The concern spread this fall like a highly-contagious disease. Schools across the nation were closed so that cleaning crews could sweep through with disinfecting agents after a number of students developed staph infections, and two students in Virginia and New York died. People from Waltham, Massachusetts, to Seattle, Washington, worried about deadly outbreaks.
The culprit behind the scare: Methicillin-resistant Staphylococcus aureus, more commonly known as MRSA. A bacteria that stands up to methicillin and other antibiotics, MRSA is most frequently found in hospitals and other healthcare facilities, such as nursing homes. But it made headlines this fall when it affected people in schools and other non-medical settings.
Cause for Concern?
Suddenly, Americans were familiar with a new term: CA-MRSA, or "community associated MRSA." And the question arose: Should your community association be concerned?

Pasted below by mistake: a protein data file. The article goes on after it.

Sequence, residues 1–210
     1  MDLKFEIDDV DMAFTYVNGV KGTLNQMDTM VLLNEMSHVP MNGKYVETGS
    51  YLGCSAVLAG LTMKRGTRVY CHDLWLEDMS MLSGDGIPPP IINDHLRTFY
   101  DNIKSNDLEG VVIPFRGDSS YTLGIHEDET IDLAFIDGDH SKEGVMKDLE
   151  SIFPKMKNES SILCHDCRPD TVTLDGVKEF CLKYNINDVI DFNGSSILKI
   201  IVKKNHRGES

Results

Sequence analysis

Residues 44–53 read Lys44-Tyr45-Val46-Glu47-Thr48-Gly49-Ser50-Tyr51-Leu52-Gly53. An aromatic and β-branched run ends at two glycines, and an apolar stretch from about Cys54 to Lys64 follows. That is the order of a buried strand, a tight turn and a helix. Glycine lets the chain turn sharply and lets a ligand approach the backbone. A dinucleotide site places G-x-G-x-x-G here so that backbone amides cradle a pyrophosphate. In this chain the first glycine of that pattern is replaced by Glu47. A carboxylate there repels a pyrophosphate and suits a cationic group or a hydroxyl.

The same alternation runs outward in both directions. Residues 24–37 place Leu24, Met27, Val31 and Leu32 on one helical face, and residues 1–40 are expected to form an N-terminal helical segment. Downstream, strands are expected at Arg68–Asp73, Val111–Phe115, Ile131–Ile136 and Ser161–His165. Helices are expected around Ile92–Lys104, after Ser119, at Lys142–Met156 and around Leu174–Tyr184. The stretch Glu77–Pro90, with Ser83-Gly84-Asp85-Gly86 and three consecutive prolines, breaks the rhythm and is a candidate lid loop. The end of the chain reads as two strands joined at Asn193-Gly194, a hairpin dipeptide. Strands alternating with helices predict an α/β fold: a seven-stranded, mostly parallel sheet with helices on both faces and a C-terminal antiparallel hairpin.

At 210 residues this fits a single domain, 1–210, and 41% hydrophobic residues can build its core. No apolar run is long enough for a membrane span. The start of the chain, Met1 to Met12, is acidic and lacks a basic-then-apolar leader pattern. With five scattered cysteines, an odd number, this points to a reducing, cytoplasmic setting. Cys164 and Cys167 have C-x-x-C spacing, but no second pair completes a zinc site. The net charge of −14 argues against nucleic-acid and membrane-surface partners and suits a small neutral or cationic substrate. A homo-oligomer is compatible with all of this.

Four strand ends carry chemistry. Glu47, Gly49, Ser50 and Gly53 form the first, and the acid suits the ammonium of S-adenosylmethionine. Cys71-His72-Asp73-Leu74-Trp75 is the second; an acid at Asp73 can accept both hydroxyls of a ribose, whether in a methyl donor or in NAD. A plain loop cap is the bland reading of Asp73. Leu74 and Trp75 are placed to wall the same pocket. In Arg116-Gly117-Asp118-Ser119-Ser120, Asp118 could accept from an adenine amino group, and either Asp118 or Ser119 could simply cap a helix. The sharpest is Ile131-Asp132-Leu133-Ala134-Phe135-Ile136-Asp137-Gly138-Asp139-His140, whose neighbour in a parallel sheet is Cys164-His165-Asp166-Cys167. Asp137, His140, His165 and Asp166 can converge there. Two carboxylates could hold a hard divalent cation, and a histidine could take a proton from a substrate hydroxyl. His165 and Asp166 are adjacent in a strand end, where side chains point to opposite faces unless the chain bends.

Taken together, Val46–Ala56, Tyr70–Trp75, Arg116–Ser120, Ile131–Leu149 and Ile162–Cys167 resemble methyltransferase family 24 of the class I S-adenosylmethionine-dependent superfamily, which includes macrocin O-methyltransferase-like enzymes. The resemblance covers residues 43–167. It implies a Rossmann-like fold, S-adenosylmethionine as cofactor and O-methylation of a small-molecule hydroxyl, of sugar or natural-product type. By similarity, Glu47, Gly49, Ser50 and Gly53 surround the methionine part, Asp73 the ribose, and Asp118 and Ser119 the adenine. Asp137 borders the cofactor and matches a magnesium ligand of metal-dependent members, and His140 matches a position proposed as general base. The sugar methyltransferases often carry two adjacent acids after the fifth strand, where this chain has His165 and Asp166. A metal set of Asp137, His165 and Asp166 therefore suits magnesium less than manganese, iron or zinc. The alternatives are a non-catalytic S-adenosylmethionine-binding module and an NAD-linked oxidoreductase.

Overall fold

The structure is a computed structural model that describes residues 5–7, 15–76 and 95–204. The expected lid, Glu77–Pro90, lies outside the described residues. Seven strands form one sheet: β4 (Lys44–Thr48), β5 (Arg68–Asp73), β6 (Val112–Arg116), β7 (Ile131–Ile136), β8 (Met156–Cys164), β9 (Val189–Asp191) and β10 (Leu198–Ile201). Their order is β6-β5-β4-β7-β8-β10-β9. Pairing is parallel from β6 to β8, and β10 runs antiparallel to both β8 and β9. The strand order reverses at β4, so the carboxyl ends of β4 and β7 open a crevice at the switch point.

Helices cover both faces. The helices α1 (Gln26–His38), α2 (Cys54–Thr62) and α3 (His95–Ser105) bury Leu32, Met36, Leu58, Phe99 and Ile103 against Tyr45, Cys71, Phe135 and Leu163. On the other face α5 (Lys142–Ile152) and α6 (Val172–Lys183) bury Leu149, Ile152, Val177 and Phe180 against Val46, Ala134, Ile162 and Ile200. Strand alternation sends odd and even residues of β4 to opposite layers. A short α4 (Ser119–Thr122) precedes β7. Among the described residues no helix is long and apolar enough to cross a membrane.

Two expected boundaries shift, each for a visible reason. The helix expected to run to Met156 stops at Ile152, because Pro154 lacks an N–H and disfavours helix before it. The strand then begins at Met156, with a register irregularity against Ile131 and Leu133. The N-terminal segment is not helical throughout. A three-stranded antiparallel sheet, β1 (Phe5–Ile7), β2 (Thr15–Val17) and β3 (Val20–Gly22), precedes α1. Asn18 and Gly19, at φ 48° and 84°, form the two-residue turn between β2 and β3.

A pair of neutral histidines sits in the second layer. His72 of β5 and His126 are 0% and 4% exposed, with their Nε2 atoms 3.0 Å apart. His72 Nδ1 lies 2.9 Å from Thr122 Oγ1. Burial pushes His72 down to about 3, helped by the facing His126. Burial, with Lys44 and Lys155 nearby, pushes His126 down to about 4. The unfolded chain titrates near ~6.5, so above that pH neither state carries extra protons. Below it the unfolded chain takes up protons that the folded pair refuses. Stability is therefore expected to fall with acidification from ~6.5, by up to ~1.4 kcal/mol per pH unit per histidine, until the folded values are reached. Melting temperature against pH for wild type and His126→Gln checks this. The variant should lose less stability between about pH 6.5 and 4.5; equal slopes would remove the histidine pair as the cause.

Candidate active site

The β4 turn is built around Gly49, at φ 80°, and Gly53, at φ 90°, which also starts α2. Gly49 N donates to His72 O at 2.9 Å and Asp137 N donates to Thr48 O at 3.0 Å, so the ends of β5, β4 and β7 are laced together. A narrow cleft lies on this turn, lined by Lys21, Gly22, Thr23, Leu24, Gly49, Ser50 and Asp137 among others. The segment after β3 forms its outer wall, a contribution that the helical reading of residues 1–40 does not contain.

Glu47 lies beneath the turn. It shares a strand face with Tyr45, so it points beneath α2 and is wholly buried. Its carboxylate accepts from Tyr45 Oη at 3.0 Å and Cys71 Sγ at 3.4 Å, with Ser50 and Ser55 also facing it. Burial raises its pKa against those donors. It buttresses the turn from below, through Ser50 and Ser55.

The United States Centers for Disease Control (CDC) notes that while 25% to 30% of the population is colonized with staph (meaning that bacteria are present, but are not causing an infection with staph), approximately 1% is colonized with MRSA. Staph or MRSA infections in the community are usually seen in the form of skin infections, according to the CDC, and outside of the healthcare setting, can occur in otherwise healthy people.
School officials across the nation who became alarmed when students showed signs of MRSA infections — and students in New York and Virginia died — concentrated on one area of their buildings: the gymnasium and its attendant locker room.